Their relationship deepened with the follow-up album, Rare Bird Alert, credited to “Steve Martin and The Steep Canyon Rangers” and, along with their Grammy nomination, the Steeps have been working hard to make sure their new fans remember who they are. “That’s the whole goal now,” says Platt, who handles most of the band business. “We’re loving to work with Steve for so many reasons: the experience, the steady work, the exposure, the joy of playing good music and spending time with him, the level that it can reach with television and big stages and big festivals. But we’re also coming in behind it and trying to see how many fans we’ve made out of it, and we’re finding there’s more and more fans every night at our shows, and we’re selling out our own shows in parts of the country where we were relatively unknown, like the Chicago area or Arizona. In some cases, there will be a promoter of a large venue of, say, a thousand to three thousand seats and Steve Martin will sell it out and, of course, we’re there as Steve’s band. But that same promoter will have a venue across town that has only five hundred seats. So we’ll go back and play the Ranger-size venue, instead of the Steve-size venue. We’re really focusing on what we can gain out of that for our own long-term career.”

Martin flies to dates, providing a tour bus for the Steeps. (On their own, they tour in a far less luxurious RV). They used their time on the bus to work up the songs for Nobody Knows You. “We ended up kind of finishing the record on the bus,” says Sharp. “Right before recording, we did a festival in Arkansas, with the purpose of rehearsing on the bus. It’s nice; you feel like when you’re traveling, you’re also getting some stuff done. And that’s one of my main times for songwriting. It’s hard to do that around the house sometimes.”

Uncharted Waters

   You might think all that would be enough music for the guys, but everyone is active with side projects in the vibrant music scene around Asheville and Brevard. Platt and Guggino have a band called The Pisgah Pickers that plays around Brevard, an electric outfit that features Guggino on five-string Mandoblaster. When not out with the Steeps, Humphrey is busy songwriting and playing with his Songs From The Road Band, releasing two CDs, Songs From The Road and As The Crow Flies. Guggino is also exploring his ethnic roots in a traditional Italian trio that includes Sanders on violin. “I’ve been working the last couple years on learning traditional Italian folk music on the mandolin. I’m a mandolin player and I’m also Italian, and it never occurred to me that there was this whole genre of Italian folk music that was originally played on the mandolin. My grandfather kind of opened the door for me. He was a violin player, and right before he died, we would play together—a lot of classical stuff and jazz standards and he played this one mazurka, this little minor key melody and he didn’t remember what it was called. Some of that is the hardest music ever played.”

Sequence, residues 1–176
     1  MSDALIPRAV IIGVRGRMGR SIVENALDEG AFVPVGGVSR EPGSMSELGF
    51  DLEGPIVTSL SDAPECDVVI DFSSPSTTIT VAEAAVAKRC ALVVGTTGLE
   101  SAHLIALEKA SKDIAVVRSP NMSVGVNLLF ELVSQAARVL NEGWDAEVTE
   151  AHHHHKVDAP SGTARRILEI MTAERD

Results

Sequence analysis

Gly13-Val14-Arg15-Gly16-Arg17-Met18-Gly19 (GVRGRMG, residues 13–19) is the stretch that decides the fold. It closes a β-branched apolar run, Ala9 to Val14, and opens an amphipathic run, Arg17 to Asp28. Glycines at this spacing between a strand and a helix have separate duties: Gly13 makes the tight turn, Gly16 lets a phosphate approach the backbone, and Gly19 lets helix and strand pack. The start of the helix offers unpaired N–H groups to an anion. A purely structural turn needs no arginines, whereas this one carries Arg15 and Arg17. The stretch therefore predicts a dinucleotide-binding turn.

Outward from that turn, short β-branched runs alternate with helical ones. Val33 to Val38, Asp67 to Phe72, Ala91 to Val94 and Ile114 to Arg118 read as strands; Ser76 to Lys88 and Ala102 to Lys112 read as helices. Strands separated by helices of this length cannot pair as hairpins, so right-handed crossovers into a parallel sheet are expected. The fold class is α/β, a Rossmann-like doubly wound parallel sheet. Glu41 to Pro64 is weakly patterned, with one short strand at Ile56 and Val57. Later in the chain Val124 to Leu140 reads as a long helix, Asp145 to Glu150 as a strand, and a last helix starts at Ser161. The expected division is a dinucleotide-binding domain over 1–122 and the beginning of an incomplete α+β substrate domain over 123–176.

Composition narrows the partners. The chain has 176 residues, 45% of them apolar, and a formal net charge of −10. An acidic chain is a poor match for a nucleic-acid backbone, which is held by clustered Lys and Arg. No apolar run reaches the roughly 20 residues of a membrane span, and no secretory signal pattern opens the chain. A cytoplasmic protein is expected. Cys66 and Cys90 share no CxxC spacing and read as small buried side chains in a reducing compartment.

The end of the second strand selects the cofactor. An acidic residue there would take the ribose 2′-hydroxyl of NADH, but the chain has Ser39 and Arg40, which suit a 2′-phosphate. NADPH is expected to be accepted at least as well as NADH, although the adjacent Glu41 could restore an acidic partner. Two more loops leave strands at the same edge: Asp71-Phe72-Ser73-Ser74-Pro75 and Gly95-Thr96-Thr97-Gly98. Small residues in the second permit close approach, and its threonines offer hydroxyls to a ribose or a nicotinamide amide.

That group, along with some of the other musical sides of the Steeps, will be on display on the maiden voyage of Mountain Song at Sea ( February 1-4, 2013, The Steeps will host a mini-festival aboard the Norwegian Cruise Line ship, Norwegian Sky. The cruise is being produced with Sixthman, the same folks behind the Americana/singer-songwriter focused Cayamo Cruise.

 Platt admits he had his doubts at first. “I wasn’t a huge fan of cruises, until we went on a music cruise. The music cruise is a whole different experience, ’cause everybody is there for the same reason—they love the music on board and everybody’s either a musician or a fan. When that Cayamo boat sailed away out of Miami and the music kicked off on the main pool deck, it was pretty unbelievable. It was a beautiful day and it was just packed and people were in the hot tubs watching music and in the pool watching music, and it was just perfect. It was a powerful kind of experiences and that’s what we’re gonna try to do with this one.”

The Steeps’ maiden voyage will include the Del McCoury Band, David Grisman, Tim O’Brien, the Carolina Chocolate Drops, the Punch Brothers, Bryan Sutton, the Krüger Brothers, and more.

While they’re living all those dreams, they don’t take anything for granted. It took a long time to get where they are, and they want to keep it going. “Even with 12 years together, if we have like a week off and then we have a show, we have this urgency to hurry up and get there and get into a corner and play the songs three times,” Platt says. “We have this work ethic that we always kind of had. We want to know that everybody is back in shape and remembers all the words and all the changes and everybody’s got it all back under their fingers. Families are growing, and time to play maybe isn’t as much as what it was before. But it always surprises me that even after 12 years, we get out together and we’re nervous and it’s ‘Lets get there early and go in the back and play our whole show.’ I don’t know if all bands do that, but we do, and I think that helps us. It keeps us tight. We bring everybody together. When we’re out there with Steve on the bus, if soundcheck is 4:30, we meet backstage at 2:00 before Steve gets there, and we work on our stuff. If the creativity slows down and gets stagnant, you can tell. People get kind of antsy and frustrated and nervous. It’s time to bring in new songs and keep it fresh and keep the creativity moving forward.”

Maybe what really separates the Steep Canyon Rangers is that, through it all—eight albums, a dozen years, and countless road miles—they’ve held on to their original dream, that it would be fun to play bluegrass with your close friends. Platt says that’s what keeps them going, and he believes it’s a big reason why their audiences come. “I think part of our connection to people is how much fun we’re having doing what we’re doing onstage, and how everybody is in it together. I think it comes across as a kind of ultimate team. We’re always working on stuff. We enjoy it. We’re excited about it.”